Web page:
Each week the Carolina Panthers play in 2018, the Observer will choose a potential gamechanger — the player most likely to make a huge impact on the game. This week’s choice:
Linebacker Thomas Davis
Panthers lineman Dorian Johnson knows firsthand the sort of damage running back James Conner can do. After all, for the better part of four years as college teammates at Pittsburgh, Johnson was the man helping Conner do his wrecking.
“The O-line and him, we had a mutual respect for one another,” Johnson said Tuesday. “He knew we were gonna be there on our blocks, and we knew that if we got our blocks, he was going to make something out of it.”
Something else the Panthers reserve tackle knows well about his former college teammate?
That, well... he’s not quite the same player he was when both were starring for the Panthers.
“In college he was a lot heavier. He was like 250, 260 or something. He was just running through guys,” Johnson said laughing. “I don’t know if he’s still doing that, but he’s a hard-nosed guy. Just gotta stay low on him.”
But Johnson, even in jest, is correct. James Conner the Pitt Panther, who was diagnosed with Hodgkin’s lymphoma late in his junior season and recovered in time for his senior year, was a far different player than he is now as the Pittsburgh Steelers’ starting running back.
Different, that is — not less dangerous.
And now the burden of stopping him falls to a Panthers player who’s made his fair share of inspirational comebacks, from three torn ACL’s: linebacker Thomas Davis.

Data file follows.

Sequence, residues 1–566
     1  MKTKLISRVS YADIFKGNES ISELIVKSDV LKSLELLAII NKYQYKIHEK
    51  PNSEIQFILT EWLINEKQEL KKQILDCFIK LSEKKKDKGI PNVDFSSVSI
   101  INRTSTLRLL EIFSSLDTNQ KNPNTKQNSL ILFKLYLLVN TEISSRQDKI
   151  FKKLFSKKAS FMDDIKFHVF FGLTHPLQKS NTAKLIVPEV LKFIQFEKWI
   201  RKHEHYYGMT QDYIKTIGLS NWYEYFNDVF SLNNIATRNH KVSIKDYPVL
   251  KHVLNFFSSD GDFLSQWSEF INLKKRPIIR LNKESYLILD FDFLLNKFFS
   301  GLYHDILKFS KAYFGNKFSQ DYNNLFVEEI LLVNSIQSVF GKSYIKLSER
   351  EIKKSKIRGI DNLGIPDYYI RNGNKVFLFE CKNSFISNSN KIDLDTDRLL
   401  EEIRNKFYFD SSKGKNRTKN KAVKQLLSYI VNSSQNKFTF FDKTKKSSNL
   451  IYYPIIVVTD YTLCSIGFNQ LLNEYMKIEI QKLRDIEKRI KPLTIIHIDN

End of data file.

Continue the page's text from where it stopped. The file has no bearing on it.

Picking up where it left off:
“He’s playing lights out right now,” Davis said of Conner. “He’s a guy who’s taking full advantage of the opportunity with Le’Veon (Bell) being out.
“He’s making everybody totally forget about Le’Veon around there, if you ask me.”
With Bell, the Steelers’ normal starter out indefinitely in a contract holdout, Conner has more than been up to the task for Pittsburgh. He’s rushed for 706 yards and nine touchdowns this season, adding another 379 yards and one more touchdown as a receiver. He, along with Panthers running back Christian McCaffrey, is one of just three players in the NFL this season with at least 500 yards rushing and 375 yards receiving.
For how well Conner has played this year, though, he’s likely outgrown his old reserve role. He’s run for more than 100 yards in four straight games, catching at least four balls per game over that same stretch. His versatility as a runner and receiver rivals Bell’s own abilities, and his success has helped unlock the league’s No. 9 offense.
“Right now, they’ve found their stride with Conner,” Rivera said. “It’s the way he plays. He runs hard. Everything he does, he does hard. Runs routes, he’s not floating out there. The young man plays hard, and I think that’s a testament to his character as to what he went through as a young man in college and his full recovery, which has been a great thing.”
But Davis, now four games returned from a season-opening four-game suspension, plays perhaps harder than anyone else on this Panthers’ defense. He played 75 percent of the team’s defensive snaps in the win over Tampa, and as one of the team’s fastest linebackers, will have plenty of opportunities to meet Conner on the field.
The question is: Which one gets the upper hand on Thursday night?
“Pittsburgh usually plays their running backs the whole game. That’s something that we’ve noticed and we’ve watched,” Davis said. “So he’s going to be in there. We’ve just gotta be ready to go.”